On the Hunt: What Hiring Managers Should Look for in Applicant Resumes

By: Shane Cotner

Finding a star in a crowded field of job candidates isn’t easy. A resume is often the first impression that could make or break an applicant’s chance at a first-round interview. To discover that needle in a haystack, what green flags should hiring managers keep an eye out for? How do you spot a winner from a fleeting on-paper encounter? For a few streamlined ideas, take a look below for the telltale signs to look out for when on the hunt for the next great company talent.

· A good resume is customized for the role in mind.

Candidates who style their resumes for the specific role in mind demonstrate an extra level of commitment. On the other hand, candidates who submit a one-size-fits-all resume for a competitive position signal the work of an amateur applicant. With that in mind, give preference to tailored resumes that highlight specific points—like applicable responsibilities and desired skills. These details may provide insight to the particulars of a candidate’s ability and cultural fit. Remember: you’ve got countless resumes to sift through. Candidates who craft their resume and pitch to the role they’re seeking are worth your time.

· Look for as many specifics as possible.

Specific evidence of candidates’ effectiveness in their previous positions is among the best ways to measure potential for success. For instance, it’s much more convincing to review an impressive sales record with hard numbers than to simply read over listed traits. In a prime resume, sales candidates will outline what they’re selling and who they’re selling to. Also, they should detail how good they are at selling by featuring any achieved goals, quotas, annual sales, growth over time, and any awards and/or recognitions. These specifics speak to the seriousness with which the candidate is approaching the desired role. Keep an eye out for specific examples that illustrate a candidate’s best qualities and how they’ve positively impacted their workplace or team.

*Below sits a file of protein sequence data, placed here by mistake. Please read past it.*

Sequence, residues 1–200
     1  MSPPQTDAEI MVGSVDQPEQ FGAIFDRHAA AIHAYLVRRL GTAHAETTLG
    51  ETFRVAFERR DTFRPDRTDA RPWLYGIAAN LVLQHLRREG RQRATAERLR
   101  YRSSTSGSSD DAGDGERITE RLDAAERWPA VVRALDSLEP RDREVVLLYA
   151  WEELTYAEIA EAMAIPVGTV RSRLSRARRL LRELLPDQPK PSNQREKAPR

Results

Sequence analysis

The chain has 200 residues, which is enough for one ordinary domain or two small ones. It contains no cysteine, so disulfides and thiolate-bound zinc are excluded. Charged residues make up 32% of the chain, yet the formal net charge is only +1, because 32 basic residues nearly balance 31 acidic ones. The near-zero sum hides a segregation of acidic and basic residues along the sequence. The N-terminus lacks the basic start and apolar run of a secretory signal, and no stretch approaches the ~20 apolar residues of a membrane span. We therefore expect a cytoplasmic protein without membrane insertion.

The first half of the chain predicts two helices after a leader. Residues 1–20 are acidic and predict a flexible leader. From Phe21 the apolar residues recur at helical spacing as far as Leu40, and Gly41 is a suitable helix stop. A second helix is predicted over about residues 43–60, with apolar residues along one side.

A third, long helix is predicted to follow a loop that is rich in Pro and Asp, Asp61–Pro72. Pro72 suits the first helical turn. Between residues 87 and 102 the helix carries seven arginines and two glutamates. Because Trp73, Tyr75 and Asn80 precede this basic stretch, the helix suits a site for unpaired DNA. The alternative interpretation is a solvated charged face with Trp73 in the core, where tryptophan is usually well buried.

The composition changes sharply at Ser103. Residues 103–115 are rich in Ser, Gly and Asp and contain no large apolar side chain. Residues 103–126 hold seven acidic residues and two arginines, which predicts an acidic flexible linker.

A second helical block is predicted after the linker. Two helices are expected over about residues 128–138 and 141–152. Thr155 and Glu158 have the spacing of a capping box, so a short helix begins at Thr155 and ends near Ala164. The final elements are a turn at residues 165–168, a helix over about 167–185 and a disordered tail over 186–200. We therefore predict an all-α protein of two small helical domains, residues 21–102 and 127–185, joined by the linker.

· Try to identify a theme.

While broad experience isn’t necessarily negative, a scattershot resume with no perceptible through-line is generally off-putting when you want a sure thing. As you review resumes, try to identify a theme or pattern in a candidate’s work experience. Search for a common thread that conveys consistency, long-term vision, and skills. Maybe this means a consistent role as team-lead across varying industries, or perhaps he or she can point to a consistently high-performing sales record. A documented history of promotions demonstrates lasting value and potential for growth. Whatever the case may be, find common ground in a candidate’s experience to get a clearer picture of who they are off the page.

As a hiring manager, you’ll have to sort through a lot of resume data. To be efficient and effective, your approach must be systematic when in search for the right fit. Attention to detail, citing specifics, and a clear narrative can make a world of difference when you’re pulling a dream candidate from a heap of submissions. Don’t let opportunity pass you by. Keep these tips in mind and you may just secure the breakout talent you’ve been looking for.

Shane Cotner is a Senior Recruiter at Grapevine – Targeted Sales Recruiting. Visit www.grapevinerecruiting.com, call 952.856.2984 or email shane@grapevinerecruiting.com.